BlogFebruary 2015

Fishing for Striped Marlin

Fishing for Striped Marlin

By Andy Whitcomb

Feb 02, 2015

How are you handling the winter so far?

How are you handling the winter so far? Are you having fun ice fishing? If you want to take a break from shoveling the driveway and fly to a more tropical location, the striped marlin may be biting.

For example: it is 80 degrees in Hawaii now, and striped marlin season peaks in January, February, and March. Sounds like a great excuse to charter a boat out of the Kona harbor on the Big Island. It is only a short ride before fishing starts because the ocean drops from 80 feet to 800 feet deep in less than a quarter of a mile.

These acrobatic billfish are smaller than the massive blue marlin which may reach 1000 pounds. Striped marlin average about 100 pounds in Hawaiian waters, but that fish is still a mind blowing 8 feet long.

They can be caught trolling lures but I caught one using live bait, a skipjack tuna, the size of the largemouth bass that I normally catch. The charter captain trolled the bait slowly and we waited until the line tugged loose from the clothespin holding it to the outrigger.

Even then, the heavy rod remained in the holder. With so much heavy line out, the captain waited a few moments for the fish to take the bait, and then gunned the boat engine forward to set the hook. The line started peeling off at an astounding rate and I quickly clipped to a stand up fighting belt to begin my battle with some large unknown deep sea fish.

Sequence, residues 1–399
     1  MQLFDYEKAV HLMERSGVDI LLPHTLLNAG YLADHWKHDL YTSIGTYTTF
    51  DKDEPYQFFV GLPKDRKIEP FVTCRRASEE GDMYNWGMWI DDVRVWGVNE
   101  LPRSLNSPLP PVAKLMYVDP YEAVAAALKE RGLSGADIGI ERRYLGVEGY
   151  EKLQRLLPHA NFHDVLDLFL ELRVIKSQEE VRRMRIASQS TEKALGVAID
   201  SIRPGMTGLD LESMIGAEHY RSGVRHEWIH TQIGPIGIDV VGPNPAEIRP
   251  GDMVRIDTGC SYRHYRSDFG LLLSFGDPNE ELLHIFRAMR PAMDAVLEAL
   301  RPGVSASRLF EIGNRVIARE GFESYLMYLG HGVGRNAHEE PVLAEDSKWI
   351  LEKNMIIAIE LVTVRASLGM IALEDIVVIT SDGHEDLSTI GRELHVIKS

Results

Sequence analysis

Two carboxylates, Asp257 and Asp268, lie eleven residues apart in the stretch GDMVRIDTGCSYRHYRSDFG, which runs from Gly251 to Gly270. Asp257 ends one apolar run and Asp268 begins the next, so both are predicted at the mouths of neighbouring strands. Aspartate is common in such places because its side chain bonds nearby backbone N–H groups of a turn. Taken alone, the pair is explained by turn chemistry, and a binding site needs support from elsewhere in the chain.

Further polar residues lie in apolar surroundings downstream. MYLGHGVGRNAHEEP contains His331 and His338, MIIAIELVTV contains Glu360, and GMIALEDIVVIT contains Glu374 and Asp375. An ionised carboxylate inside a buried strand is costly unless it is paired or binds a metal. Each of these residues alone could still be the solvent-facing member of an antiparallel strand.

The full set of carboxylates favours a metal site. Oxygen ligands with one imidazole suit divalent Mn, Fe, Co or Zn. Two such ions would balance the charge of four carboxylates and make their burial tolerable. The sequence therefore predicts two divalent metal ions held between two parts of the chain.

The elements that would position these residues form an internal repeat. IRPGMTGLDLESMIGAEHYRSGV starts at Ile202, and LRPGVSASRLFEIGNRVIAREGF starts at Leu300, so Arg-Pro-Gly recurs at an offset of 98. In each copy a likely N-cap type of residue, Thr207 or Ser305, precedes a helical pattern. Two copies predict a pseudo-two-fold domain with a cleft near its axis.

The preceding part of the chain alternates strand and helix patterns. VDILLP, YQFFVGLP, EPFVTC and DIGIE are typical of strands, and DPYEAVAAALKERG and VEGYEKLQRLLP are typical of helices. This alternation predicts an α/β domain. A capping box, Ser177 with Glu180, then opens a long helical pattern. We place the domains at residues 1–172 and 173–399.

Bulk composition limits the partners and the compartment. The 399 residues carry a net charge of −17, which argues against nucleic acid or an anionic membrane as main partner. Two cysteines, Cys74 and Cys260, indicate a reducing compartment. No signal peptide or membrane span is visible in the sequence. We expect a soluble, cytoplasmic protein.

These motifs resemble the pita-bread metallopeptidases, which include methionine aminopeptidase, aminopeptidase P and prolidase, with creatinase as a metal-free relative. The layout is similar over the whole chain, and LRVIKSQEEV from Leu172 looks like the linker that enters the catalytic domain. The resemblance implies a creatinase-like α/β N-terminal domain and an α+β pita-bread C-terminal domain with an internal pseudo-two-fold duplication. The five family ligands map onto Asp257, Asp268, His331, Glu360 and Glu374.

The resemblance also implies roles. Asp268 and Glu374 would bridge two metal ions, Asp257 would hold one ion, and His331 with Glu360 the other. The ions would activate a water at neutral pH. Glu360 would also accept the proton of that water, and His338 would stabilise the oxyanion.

The captain grinned and said,”Okay, I’m going to get a sandwich and have a nap. Let me know when you’ve got it close to the boat.”

This striped marlin only jumped once, which was unusual. Then it went straight down. Despite wanting to release this highly-prized sportfish, it must have thrown the hook in the jump, only to be snagged in the tail and could not be revived.

This was one of those once-in-a-lifetime fish and the captain had the marlin flag raised for our return to the harbor. If you have the means and the opportunity, you’ll never forget a marlin experience. Have you been fishing for marlin? If so, please comment here or share your story on Take Me Fishing Facebook’s page.

Andy Whitcomb
Andy Whitcomb
Andy is an outdoor writer ( and stressed-out Dad has contributed over 380 blogs to since 2011. Born in Florida, but raised on banks of Oklahoma farm ponds, he now chases pike, smallmouth bass, and steelhead in Pennsylvania. After earning a B.S. in Zoology from OSU, he worked in fish hatcheries and as a fisheries research technician at OSU, Iowa State, and Michigan State.